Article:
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Weekly Alibi Speed Reader

By Kelle Schillaci, Dorothy Cole, Valerie Yarberry

JANUARY 19, 1999: 

Tree Surgery for Beginners
by Patrick Gale (Farrar, Straus and Giroux, cloth, $25)

If you are able to successfully suspend your disbelief for about 274 pages, you're in for a ride with this one. Patrick Gale is unabashedly British, and his novel leaps back and forth between continents and points of view, though it's supposed to be Lawrence's story. Shy even as a youngster, Lawrence's preference for trees over humans remains with him into adulthood, making for a disastrous marriage that is ending as we begin the novel. What happens next is a long string of bizarre plot events pitting Lawrence in all kinds of precarious situations, from being arrested for murder to having an elicit affair with a cruise-ship's transvestite to watching him/her attacked by a tiger recently escaped from a wild-life sanctuary on a Caribbean island. The transvestite disappears, the tree surgeon finds peaceful work at some fancy cliffside resort in Big Surr, and the novel builds to one climactic denouement relying so much on unbelievable coincidence that you might find yourself laughing out loud. I certainly did. (KS)

The Silent Duchess
by Dacia Maraini (The Feminist Press, cloth, $19.95)

This book and its author have won all sorts of awards, but don't let that--or the name of the publisher--scare you off. It's a good book, worth reading because of the plot, setting, and all-around credibility of the heroine and her family. The Italian La Lunga Vita di Marianna Ucrìa came out in 1990, and this translation by Dick Kitto and Elspeth Spottiswood was first published in England in 1992. This is the first U.S. edition. Although the deaf and mute Duchess Marianna comes from the eighteenth century, her story emerges from an older, medieval sensibility. You can't help liking her and appreciating her acute powers of observation. She can't hear speech, but she frequently reads minds. In beauty and silence she survives a horrifying childhood (her parents try to cure her hysterical deafness by frightening her even more) to become a strong and stubborn woman. Don't spend too much time on the scholarly afterward by the University of Chicago's Anna Camaiti Hostert. It's informative but mostly beside the point. (DC)

Human Wishes
by Robert Haas (Ecco Press, paper, $11)

This book is a pretty sharp contrast to what I see every day. Because Robert Hass's poetry is so rich with appreciation for the self and one's environment, I realized we often neglect and torture ourselves. Instead of perpetuating vengeance and negativity, Hass seems to advocate other options; revering simple delights, creating your own personal paradise and then existing in it.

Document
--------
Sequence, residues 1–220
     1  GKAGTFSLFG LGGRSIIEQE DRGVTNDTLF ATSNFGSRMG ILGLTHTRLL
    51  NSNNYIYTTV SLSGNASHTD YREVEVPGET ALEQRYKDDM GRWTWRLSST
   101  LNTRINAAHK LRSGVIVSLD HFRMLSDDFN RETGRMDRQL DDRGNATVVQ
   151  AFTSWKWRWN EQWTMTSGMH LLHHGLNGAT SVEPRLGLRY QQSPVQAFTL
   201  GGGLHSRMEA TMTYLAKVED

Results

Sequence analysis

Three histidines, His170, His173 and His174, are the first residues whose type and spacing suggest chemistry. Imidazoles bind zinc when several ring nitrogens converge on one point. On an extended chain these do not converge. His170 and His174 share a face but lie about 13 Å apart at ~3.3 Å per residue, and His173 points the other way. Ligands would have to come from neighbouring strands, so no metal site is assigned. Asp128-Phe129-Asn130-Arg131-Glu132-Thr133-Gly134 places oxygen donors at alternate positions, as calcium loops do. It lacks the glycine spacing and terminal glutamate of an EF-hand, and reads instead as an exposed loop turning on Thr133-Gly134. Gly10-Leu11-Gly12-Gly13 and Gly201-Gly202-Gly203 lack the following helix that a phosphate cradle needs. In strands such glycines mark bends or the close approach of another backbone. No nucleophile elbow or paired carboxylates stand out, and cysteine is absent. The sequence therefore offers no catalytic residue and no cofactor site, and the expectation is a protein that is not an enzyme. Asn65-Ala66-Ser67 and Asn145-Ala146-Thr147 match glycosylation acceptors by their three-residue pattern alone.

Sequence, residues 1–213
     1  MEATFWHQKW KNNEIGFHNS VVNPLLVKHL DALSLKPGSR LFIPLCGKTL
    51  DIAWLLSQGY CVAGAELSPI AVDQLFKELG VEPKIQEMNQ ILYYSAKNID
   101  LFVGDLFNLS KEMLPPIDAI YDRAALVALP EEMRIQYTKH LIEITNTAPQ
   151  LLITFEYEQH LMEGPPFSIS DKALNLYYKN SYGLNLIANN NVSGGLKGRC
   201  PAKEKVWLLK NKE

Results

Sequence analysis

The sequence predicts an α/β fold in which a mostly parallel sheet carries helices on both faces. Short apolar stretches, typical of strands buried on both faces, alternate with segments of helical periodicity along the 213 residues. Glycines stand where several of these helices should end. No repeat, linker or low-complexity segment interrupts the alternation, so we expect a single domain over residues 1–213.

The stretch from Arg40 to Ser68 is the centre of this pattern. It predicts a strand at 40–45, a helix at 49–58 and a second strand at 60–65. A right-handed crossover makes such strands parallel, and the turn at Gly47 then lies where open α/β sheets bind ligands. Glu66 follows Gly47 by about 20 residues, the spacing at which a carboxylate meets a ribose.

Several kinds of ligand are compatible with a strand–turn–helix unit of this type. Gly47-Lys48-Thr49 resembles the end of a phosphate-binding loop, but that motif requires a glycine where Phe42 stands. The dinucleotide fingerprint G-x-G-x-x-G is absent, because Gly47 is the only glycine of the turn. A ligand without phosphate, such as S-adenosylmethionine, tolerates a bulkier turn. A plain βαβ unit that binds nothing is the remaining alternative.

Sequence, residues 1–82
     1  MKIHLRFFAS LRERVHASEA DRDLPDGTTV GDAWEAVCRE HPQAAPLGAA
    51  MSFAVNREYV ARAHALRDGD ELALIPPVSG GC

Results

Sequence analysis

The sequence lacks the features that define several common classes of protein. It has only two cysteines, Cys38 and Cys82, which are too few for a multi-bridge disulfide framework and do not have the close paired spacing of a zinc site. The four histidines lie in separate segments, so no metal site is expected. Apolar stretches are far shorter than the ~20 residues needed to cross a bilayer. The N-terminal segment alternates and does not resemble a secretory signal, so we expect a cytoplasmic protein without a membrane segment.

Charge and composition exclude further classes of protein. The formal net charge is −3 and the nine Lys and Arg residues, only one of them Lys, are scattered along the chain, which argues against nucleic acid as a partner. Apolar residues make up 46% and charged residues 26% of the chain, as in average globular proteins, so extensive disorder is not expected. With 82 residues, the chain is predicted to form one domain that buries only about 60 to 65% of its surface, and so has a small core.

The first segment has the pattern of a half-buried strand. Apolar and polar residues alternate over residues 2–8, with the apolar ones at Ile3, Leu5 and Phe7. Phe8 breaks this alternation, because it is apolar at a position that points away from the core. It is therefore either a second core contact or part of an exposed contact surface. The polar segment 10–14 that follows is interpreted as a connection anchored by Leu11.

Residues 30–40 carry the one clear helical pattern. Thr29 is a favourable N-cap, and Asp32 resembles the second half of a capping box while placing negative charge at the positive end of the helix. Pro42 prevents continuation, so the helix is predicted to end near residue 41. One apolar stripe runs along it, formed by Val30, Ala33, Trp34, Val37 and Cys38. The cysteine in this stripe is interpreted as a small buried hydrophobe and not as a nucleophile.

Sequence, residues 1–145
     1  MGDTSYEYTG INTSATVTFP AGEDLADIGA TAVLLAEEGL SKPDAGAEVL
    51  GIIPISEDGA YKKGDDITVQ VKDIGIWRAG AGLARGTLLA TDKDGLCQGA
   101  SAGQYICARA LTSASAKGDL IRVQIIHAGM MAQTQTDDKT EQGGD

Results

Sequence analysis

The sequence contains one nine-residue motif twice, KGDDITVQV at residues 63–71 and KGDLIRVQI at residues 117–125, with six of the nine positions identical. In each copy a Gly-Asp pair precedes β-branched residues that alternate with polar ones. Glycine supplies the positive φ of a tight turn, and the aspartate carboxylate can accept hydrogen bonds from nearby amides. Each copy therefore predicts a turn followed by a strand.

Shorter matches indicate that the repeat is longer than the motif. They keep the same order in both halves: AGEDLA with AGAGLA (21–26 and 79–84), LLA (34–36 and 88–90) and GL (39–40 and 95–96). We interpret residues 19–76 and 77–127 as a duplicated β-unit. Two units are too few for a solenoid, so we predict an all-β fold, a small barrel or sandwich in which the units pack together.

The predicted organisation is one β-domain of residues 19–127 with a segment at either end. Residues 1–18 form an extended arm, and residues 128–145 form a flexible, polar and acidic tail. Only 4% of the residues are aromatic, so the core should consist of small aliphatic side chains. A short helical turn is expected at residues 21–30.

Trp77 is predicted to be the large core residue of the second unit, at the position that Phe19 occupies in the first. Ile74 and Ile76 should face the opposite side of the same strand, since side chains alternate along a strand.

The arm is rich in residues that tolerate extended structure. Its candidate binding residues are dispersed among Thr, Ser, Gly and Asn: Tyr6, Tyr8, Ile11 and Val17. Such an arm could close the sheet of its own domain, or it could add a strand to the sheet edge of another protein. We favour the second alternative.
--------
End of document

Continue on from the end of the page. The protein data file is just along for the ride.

Human Wishes is just that; a collection of human desires arranged like poetry but flowing and connected like prose. The book itself is quite small, but not benign. The 83 pages are powerful, like 83 drops of diluted poison--it won't kill you, but it will probably mess up your insides. Rather than playing around with fancy wordplay, Hass makes his point by simply telling and showing readers the truth about life's patterns. It's easy to curse the monotony of life, but Hass exalts it in his portraits of families, lovers and strangers all trying to find happiness.

The poetry illustrates that vanity, materialism and egocentrism often replace happiness. Hass endeavors to help us acknowledge what we've lost, love what we have, and anticipate what is possible in order to achieve our own kind of peace. Hass's poetry urges readers to reintroduce themselves to their surroundings and their motivations. Although the subject matter is often painful, including "how love fails in well-meaning hands," Hass remains honest and never forgets to accentuate the smallest amenities. (VY)

Undercurrents: New Mexico Stories: Then and Now
by Adela Amador
(Amador Publishers, paper, $12)

You may recognize Amador's name if you read her "Southwest Flavor" column in New Mexico Magazine, but look to this work as a true showcasing of her artistic ventriloquism. Her voice in this collection ranges from poet to historian, essayist to children's novelist, occassionally veering off into that of a fly, an old man, or a myriad of other characters. Though the dialogue at times seems stilted and unnatural, it is her simplicity in style and knowledge of her own native New Mexican landscapes that pulls this piece together. Her secure sense of place allows her to successfully drift her way around time, creating family stories spanning generations into which she weaves a subtle sense of mysticism and childlike wonder. Add in the occassional ink-drawing illustrations scattered here and there, and this book of anecdotes (or Spanish-style cuentos) becomes a true testiment to Amador's artistry. And it even offered me my first honest insider's look at the making of menudo. I'll pass, thanks. (KS)

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